Summer is generally a time for having fun, for taking exotic vacations and for lying in the sun, at the seaside; but there are also those who find the opportunity to take a moment of respite and search their inner spirituality. A short history of the monasteries in Suceava may offer a glimpse into this option and ideas for the next vacation.
Moldova boasts with a system of wonderful monasteries included in the UNESCO Word Heritage Sites list. It is a pity not to visit them at least once in a lifetime. In the end, the spirituality of a people bears witness to its identity.
One of the most famous places of worship in Suceava and in the entire country is Putna Monastery, the legendary resting place of Stephen the Great, as well as his most important (and first) church foundation. Putna was built between 1466 and 1499. It has defense walls, hermitages and towers which were finalized in the year 1481.
The actual shape of the monastery is the result of post-1775 transformations made by the House of Habsburg, but also of modifications from the 19th century. The last ample restorations took place in 1902, coordinated by the Austrian architect K. A. Romstorfer.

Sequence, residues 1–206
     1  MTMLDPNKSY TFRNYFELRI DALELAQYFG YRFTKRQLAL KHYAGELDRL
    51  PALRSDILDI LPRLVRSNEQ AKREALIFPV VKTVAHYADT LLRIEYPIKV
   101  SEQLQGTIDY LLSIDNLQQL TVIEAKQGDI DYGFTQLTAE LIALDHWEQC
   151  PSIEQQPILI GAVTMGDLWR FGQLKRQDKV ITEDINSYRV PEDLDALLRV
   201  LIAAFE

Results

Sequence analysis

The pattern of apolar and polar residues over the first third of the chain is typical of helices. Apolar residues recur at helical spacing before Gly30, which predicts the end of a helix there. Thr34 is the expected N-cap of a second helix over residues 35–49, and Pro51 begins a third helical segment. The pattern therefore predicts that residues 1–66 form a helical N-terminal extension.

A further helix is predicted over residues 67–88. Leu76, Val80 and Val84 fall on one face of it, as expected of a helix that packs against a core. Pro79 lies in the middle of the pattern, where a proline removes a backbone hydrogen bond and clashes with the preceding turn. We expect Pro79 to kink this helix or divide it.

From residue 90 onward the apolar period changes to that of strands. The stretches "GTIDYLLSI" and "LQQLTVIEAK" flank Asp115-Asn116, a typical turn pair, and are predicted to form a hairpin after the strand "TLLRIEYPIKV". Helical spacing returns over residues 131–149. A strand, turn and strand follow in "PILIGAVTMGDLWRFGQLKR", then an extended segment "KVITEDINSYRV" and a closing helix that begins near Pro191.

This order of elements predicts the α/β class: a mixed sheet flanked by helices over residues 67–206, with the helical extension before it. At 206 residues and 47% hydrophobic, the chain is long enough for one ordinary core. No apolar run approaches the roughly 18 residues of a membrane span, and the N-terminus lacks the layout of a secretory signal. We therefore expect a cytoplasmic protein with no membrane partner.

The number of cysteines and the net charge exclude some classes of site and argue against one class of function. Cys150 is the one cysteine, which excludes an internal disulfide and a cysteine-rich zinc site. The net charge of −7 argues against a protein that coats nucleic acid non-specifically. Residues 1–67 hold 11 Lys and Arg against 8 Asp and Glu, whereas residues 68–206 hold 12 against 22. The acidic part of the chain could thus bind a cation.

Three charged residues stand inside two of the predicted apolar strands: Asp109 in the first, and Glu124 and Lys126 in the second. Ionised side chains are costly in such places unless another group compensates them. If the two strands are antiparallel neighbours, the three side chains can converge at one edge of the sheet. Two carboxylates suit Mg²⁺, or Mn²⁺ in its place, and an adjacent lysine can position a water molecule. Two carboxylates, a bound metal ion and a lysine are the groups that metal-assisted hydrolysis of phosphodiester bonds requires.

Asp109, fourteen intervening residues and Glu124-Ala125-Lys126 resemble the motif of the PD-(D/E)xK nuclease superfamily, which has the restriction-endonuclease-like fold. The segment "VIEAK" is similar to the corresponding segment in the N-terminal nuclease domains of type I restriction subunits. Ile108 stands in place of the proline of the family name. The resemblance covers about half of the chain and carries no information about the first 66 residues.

Founded in 1532 by Petru Rares (the son of Stephen the Great), Moldovita Monastery is an Orthodox settlement for nuns. The architecture combines the Gothic with the Byzantine style and the minute interior and exterior paintings, similar to those in Voronet, are a proof of Eastern art in those times.
Moldovita displays a taller type of construction, evoking the post-Byzantine and pre-Renaissance era. The paintings have the unique quality of rendering the divine figures more human. It is the perfect place for respite, a sheltered haven where you can take a moment to make a prayer.
For transport, you can use Suceava car hire to get a rental vehicle or a transfer.